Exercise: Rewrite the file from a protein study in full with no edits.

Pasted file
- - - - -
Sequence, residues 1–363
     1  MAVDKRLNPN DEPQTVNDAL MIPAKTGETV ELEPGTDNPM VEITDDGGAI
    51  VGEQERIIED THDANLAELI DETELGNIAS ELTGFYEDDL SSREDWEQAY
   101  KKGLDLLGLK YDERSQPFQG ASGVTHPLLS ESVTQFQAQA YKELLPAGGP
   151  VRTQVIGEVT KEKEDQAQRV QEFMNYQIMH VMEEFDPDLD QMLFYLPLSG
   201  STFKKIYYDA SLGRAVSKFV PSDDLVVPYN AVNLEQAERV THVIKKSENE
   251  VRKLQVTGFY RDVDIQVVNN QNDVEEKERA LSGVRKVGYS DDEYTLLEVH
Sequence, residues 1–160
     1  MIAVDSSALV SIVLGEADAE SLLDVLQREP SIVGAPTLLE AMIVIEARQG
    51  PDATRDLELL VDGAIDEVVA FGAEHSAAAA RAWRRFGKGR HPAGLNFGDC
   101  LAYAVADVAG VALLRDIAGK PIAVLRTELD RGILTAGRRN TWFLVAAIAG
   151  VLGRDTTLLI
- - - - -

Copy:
Sequence, residues 1–363
     1  MAVDKRLNPN DEPQTVNDAL MIPAKTGETV ELEPGTDNPM VEITDDGGAI
    51  VGEQERIIED THDANLAELI DETELGNIAS ELTGFYEDDL SSREDWEQAY
   101  KKGLDLLGLK YDERSQPFQG ASGVTHPLLS ESVTQFQAQA YKELLPAGGP
   151  VRTQVIGEVT KEKEDQAQRV QEFMNYQIMH VMEEFDPDLD QMLFYLPLSG
   201  STFKKIYYDA SLGRAVSKFV PSDDLVVPYN AVNLEQAERV THVIKKSENE
   251  VRKLQVTGFY RDVDIQVVNN QNDVEEKERA LSGVRKVGYS DDEYTLLEVH
Sequence, residues 1–160
     1  MIAVDSSALV SIVLGEADAE SLLDVLQREP SIVGAPTLLE AMIVIEARQG
    51  PDATRDLELL VDGAIDEVVA FGAEHSAAAA RAWRRFGKGR HPAGLNFGDC
   101  LAYAVADVAG VALLRDIAGK PIAVLRTELD RGILTAGRRN TWFLVAAIAG
   151  VLGRDTTLLI